June 21, 2021

A meteorological sensor that will travel to Mars is put to the test on Teide

A meteorological sensor that will travel to Mars is put to the test on Teide

A meteorological sensor that will travel to Mars is put to the test on Teide

The MEDA weather sensor (Mars Environmental Dynamics Analyzer) is being checked and verified at the peak of Teide before its trip to Mars within the Mars 2020 mission, as reported by State Meteorological Agency (Aemet).

Scheduled to land on the surface of Mars in February 2021, the Mars 2020 mission began its journey in July 2020 with the launch from Cape Canaveral (Florida) of the Atlas V rocket with the Rover Perseverance on board. The main objectives of this mission are the search for past life signs, as well as the extraction of rock samples and Martian soil for their possible transport to Earth.

The Rover is equipped with seven different instruments specially designed to carry out unprecedented scientific experiments on the soil of the red planet. In particular, the MEDA instrument has been designed to perform meteorological measurements, including radiation, wind speed and direction, temperature and humidity, as well as to give an estimate of the amount and size of dust particles in the atmosphere of Mars.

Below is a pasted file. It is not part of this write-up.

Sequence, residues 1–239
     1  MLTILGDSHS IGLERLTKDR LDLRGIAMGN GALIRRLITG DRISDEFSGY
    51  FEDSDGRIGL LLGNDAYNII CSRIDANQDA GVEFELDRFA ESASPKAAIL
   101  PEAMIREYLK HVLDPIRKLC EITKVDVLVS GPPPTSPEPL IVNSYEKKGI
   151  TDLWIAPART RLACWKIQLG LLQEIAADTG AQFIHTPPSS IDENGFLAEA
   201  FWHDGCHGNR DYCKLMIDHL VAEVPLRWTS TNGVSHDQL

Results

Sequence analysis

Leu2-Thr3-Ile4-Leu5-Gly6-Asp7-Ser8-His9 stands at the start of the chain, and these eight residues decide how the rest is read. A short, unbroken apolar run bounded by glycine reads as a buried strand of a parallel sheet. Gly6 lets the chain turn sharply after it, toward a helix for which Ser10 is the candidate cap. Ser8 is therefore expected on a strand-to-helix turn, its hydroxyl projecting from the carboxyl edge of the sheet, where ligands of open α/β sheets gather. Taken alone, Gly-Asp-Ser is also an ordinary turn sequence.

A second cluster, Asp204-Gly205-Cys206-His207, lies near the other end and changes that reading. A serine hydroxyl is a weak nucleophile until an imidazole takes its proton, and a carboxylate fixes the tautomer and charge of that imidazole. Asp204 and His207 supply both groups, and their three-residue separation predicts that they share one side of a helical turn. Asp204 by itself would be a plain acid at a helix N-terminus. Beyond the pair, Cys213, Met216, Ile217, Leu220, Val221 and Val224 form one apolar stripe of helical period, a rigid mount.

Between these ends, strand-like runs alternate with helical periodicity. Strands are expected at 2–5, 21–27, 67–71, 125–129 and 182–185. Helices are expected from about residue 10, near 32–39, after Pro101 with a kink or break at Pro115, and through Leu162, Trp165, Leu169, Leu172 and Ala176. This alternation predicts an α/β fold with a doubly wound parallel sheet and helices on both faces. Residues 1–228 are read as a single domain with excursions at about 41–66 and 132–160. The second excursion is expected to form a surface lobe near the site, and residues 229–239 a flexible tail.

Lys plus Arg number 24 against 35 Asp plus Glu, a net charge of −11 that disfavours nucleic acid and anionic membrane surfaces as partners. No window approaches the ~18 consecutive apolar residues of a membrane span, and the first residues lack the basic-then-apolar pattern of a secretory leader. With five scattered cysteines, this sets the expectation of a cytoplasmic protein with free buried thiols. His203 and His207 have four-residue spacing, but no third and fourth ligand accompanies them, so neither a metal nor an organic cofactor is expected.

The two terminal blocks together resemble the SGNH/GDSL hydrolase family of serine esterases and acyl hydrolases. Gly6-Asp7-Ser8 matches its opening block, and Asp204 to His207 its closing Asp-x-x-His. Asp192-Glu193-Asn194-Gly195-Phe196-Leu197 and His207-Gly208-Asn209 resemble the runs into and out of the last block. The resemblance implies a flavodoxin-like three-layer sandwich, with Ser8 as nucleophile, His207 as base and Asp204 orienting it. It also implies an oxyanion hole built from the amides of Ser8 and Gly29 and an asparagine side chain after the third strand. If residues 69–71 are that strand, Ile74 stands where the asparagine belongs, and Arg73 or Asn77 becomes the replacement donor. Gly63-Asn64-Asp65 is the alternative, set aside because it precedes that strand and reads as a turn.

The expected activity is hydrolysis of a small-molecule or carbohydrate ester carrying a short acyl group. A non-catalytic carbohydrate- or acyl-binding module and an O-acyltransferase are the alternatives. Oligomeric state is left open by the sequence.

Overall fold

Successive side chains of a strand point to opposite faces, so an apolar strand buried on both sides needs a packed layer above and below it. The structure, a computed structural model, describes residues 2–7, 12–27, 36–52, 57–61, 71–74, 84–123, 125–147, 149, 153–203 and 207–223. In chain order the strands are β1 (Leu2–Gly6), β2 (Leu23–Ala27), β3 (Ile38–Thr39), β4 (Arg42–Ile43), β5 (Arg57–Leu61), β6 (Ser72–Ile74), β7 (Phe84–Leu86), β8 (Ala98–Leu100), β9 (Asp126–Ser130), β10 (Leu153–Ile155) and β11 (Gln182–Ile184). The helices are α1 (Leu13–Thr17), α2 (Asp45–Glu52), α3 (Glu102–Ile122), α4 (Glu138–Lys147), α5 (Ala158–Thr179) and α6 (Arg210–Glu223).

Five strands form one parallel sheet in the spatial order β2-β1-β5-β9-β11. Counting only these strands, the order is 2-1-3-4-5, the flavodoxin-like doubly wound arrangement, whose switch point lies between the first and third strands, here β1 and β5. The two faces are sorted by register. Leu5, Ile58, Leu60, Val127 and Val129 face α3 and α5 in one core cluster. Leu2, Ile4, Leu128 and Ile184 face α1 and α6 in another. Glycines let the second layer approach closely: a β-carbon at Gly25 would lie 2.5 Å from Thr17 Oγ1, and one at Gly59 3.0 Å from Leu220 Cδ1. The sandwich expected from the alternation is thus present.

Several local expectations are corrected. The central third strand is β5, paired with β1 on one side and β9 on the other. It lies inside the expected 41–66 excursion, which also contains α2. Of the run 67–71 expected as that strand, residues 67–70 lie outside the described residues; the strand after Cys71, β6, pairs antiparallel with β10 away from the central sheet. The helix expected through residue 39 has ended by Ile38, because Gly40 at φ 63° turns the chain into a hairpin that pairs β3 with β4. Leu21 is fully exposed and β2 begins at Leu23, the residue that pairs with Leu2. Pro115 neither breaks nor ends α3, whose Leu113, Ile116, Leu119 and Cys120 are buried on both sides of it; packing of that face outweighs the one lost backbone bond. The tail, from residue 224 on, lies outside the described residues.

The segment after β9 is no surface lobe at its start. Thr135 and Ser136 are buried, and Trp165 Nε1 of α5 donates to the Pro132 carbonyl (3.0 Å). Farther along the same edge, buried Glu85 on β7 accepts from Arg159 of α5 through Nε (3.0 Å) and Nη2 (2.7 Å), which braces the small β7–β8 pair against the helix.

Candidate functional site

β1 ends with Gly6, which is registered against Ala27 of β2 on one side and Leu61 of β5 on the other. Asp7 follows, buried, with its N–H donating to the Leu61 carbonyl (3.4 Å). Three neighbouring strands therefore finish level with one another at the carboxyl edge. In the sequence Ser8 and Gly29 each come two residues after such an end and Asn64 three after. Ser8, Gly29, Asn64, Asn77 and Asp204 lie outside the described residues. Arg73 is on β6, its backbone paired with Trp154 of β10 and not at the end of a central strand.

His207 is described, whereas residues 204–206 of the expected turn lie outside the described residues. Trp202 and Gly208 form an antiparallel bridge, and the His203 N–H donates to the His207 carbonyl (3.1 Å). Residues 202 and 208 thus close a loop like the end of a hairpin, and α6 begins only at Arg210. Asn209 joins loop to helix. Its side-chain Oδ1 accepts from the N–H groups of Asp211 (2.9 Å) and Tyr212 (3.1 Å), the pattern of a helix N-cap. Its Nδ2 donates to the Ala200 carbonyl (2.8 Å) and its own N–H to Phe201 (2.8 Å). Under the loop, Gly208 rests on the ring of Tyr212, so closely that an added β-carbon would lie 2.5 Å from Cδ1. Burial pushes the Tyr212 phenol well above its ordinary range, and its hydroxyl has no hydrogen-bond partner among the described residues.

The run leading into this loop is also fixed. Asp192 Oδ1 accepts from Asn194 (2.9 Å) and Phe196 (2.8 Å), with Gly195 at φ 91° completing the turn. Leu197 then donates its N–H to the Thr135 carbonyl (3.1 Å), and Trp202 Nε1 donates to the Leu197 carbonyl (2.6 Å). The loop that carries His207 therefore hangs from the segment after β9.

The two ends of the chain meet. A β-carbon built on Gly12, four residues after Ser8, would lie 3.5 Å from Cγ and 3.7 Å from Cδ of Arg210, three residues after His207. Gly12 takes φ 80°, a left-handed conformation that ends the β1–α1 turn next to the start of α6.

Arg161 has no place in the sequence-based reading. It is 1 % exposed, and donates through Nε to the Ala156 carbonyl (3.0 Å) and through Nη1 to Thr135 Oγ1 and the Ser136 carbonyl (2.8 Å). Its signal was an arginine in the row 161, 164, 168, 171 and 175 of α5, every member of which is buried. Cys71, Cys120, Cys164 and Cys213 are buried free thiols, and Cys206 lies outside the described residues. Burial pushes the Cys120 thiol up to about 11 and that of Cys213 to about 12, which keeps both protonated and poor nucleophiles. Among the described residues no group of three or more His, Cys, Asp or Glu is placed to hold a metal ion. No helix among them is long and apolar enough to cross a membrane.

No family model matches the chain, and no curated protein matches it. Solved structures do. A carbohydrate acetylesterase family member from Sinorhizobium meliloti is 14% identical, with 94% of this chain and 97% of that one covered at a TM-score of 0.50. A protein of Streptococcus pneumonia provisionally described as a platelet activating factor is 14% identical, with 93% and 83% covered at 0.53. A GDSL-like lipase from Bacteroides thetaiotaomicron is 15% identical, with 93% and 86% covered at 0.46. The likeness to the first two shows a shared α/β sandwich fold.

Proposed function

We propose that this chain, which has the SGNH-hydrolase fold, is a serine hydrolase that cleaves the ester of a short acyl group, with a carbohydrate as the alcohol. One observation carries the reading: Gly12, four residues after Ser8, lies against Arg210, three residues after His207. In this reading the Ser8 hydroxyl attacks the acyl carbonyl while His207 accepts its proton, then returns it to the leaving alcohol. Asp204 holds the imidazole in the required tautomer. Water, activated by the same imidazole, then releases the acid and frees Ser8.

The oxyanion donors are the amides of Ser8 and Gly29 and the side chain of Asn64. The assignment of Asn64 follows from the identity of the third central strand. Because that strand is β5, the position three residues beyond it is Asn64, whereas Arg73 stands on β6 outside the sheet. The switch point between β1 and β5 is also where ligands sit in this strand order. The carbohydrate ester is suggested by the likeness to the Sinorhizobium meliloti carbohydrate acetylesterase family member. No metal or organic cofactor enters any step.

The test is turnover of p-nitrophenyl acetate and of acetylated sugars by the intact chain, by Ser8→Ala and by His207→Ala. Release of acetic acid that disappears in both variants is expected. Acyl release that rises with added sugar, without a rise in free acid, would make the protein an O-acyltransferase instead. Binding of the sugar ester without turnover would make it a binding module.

This sensor has been designed by a group of scientists headed by two Spanish research centers: INTA (National Institute of Aerospace Technology) and CSIC (Higher Council for Scientific Research).

The MEDA sensor is being checked and verified on Teide as part of a twin experience on a Mars analog on Earth. This experience began in September 2020 with its installation in the La Fortaleza area, with the collaboration of scientists from the University of Alcalá, CSIC, IGN (National Geographic Institute) and Aemet, as well as with the support of National Parks and Volcano Teide .

The MEDA sensor will record various environmental variables in this new terrestrial location until November 2020, for later comparison with routine measurements taken by Aemet in nearby stations, such as measurements of direct, global and diffuse solar radiation, aerosol optical thickness and Angström exponent for the characterization of the atmospheric aerosols, as well as other meteorological parameters. This comparison will help to verify and understand atmospheric dynamics and the important information gathered by MEDA on the red planet.


Source link